Notwithstanding the expert review of the NLR and KOD methods exploring qPCR/RT-qPCR data in the following publication:SURVEY AND SUMMARY
Validation of kinetics similarity in qPCR
Tzachi Bar, Mikael Kubista and Ales Tichopad
Nucleic Acids Research, 2011, 1–12
It also makes the following statement regarding the "PREXCEL-Q Method" for qPCR:
Another approach to avoid quantification errors due to PCR inhibition was proposed by Gallup and Ackermann (33). First, a small amount of template is collected from all test samples and pooled. Then, the pooled sample is serially diluted and Cq is plotted versus the dilution factor, similarly to a standard curve. Since the slope of this curve describes PCR efficiency at the very early cycles, the optimal dilution for inhibition removal can be identified from the shape of the curve and applied to all test samples.
While the concept is highly robust since virtually any inhibitor can be diluted out so its effect vanishes, in practice this requires large amounts of DNA. The authors recommend dilutions by two to six orders of magnitude, which drastically reduce the sensitivity of quantification. In addition, the method assumes that all samples are inhibited to the same degree reflected by the pooled sample, which is not practical for analysis of samples where variable inhibition is expected, such as with food, water, forensic, clinical, soil and many other types of samples. Gallup’s method is implemented in Prexcel-Q software available at http://www.gene-quantification.de/download.html#gallup.
Just to clarify a few points regarding the PREXCEL-Q Method for qPCR: In practice, the method does not require large amounts of DNA, RNA or cDNA - quite to the contrary, it prides itself on being very conservative in its use of sample material; which is one of the main goals achieved by the software that provides the namesake for the approach. Further, the statements made by the authors listed above are misleading in suggesting that the PREXCEL-Q Method only uses samples diluted "two to six orders of magnitude" for analysis. This may be true of some of the standard curves that can withstand that range of dilution, but it is not true of the individually-assessed samples themselves, which are always diluted to within the early part of each standard curve - often resulting (e.g. when inhibition is absent) in using cDNA in qPCReactions at no more than 1:50 dilution since RT. The P-Q Method implores investigators to perform sample preparations that result in producing template material that is as clean, undegraded and as inhibitor-free as possible up front, and urges the investigators to explore every possible avenue towards achieving as pure nucleic acid isolates as possible when extracting from e.g. food, water, forensic, clinical, soil and other 'environmental' samples. Simple sample dilution (as the PQ approach calculates precisely and non-excessively
) is another approach (in addition to good isolation/purification methods) to overcoming sample-introduced qPCR/RT-qPCR inhibition. When performed correctly (and non-excessively), sample dilution is a very effective means by which to eliminate the influence of qPCR/RT-qPCR inhibitors introduced by samples. In other words, the PREXCEL-Q Method for qPCR already assumes that researchers are starting with 'clean' samples to begin with; e.g. starting with as pure sample material as possible is understood to be a 'given' towards lessening the need for preemptive sample dilutions in the first place.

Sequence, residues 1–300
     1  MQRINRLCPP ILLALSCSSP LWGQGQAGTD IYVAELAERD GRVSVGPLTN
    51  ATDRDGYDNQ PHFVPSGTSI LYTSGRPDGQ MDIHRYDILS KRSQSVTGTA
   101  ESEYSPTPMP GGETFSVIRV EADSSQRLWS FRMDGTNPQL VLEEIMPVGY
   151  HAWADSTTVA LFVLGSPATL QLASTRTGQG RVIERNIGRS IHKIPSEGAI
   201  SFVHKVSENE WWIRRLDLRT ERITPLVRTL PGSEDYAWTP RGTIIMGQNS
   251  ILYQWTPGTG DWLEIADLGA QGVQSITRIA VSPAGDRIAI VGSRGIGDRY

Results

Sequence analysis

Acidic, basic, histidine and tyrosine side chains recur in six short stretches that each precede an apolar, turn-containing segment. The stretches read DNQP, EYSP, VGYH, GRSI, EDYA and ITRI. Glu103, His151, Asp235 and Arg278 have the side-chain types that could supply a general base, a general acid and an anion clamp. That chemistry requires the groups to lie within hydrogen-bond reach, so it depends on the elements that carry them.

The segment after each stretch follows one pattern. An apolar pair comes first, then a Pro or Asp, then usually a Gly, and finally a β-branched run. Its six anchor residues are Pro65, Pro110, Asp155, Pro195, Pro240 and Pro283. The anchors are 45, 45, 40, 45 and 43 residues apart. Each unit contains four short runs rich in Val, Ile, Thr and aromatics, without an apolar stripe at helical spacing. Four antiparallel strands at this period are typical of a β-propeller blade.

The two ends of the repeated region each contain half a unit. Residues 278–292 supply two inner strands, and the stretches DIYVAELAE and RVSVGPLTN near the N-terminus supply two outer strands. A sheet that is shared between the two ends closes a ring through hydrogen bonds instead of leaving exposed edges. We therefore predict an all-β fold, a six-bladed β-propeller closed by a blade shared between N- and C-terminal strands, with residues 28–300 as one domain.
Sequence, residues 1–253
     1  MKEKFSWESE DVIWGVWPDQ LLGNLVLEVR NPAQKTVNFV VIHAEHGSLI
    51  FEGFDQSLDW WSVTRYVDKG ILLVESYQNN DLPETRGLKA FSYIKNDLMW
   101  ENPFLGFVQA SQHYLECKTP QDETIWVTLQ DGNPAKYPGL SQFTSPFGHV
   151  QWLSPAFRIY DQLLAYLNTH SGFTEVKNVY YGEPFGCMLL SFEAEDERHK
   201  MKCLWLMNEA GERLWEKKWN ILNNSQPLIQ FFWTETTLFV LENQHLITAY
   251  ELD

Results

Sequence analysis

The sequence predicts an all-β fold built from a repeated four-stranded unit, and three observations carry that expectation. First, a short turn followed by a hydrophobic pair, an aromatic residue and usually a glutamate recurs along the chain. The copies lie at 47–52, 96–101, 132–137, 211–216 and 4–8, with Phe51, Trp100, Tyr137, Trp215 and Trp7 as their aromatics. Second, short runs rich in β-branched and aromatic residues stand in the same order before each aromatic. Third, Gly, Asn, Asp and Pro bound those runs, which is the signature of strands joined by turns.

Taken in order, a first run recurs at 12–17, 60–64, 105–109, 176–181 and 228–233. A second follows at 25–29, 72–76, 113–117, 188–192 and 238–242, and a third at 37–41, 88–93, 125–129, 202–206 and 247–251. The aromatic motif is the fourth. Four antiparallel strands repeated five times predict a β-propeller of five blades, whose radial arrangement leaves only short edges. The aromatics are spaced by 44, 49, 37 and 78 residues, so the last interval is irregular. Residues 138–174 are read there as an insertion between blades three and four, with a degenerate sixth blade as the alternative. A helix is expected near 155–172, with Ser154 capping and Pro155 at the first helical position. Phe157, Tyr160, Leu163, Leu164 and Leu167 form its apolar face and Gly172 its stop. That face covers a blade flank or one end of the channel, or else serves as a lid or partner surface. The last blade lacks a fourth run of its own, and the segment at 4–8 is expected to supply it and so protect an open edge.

In addition, to address differential sample inhibition and to further elaborate and expand on the PREXCEL-Q Method's "Stock I
idea": different representative mixtures of samples can be made from each different particular sample type, and, in cases where different degrees or types of inhibition is expected in each individual sample, the recent PQ-based method by Gardner and Gallup et. al http://www.amstat.org/meetings/jsm/2010 ... tid=306657
proposes first using the sample mixture(s) (called "Stock I
") as the initial gauge by which to determine the inhibitory threshold of a group of similar-type samples, then, suggests performing a 3-point, 1:2, 1:3, 1:4 or 1:5 dilution series of each individual sample
(starting within the valid dilution range as determined by the preliminary Stock I
, Stock II
, Stock III
etc. inhibition analyses) to get a more precise measurement of each individual sample's efficiency of amplification for each particular target of interest in each sample. There is much more finesse/subtlety to this method than the above publication portrays. Most likely, this is by no fault of the above authors since expansion, evolution and application of the PREXCEL-Q Method/approach for qPCR/RT-qPCR has become more refined over the years but without the accompanying publications on its expanded methodology or descriptions thereof (although several recent publications in the U.S., Italy and Poland have used the PREXCEL-Q method with success; and the number of publications using the PREXCEL-Q Method for qPCR/RT-qPCR continue to mount). Lack of current updates on the method has largely been the result of a 2-year period of financial drought (not unknown to many of us these days). But now, since things are 'rolling' once again (due to some unexpected funding), additional detailed descriptions of the PREXCEL-Q approach, coupled to its validation by the Cy0 Method (Guescini, Sisti et.al, 2008) are underway. There is a need to stick up for this method when it is not being discussed as precisely or as fairly as it should be at this time.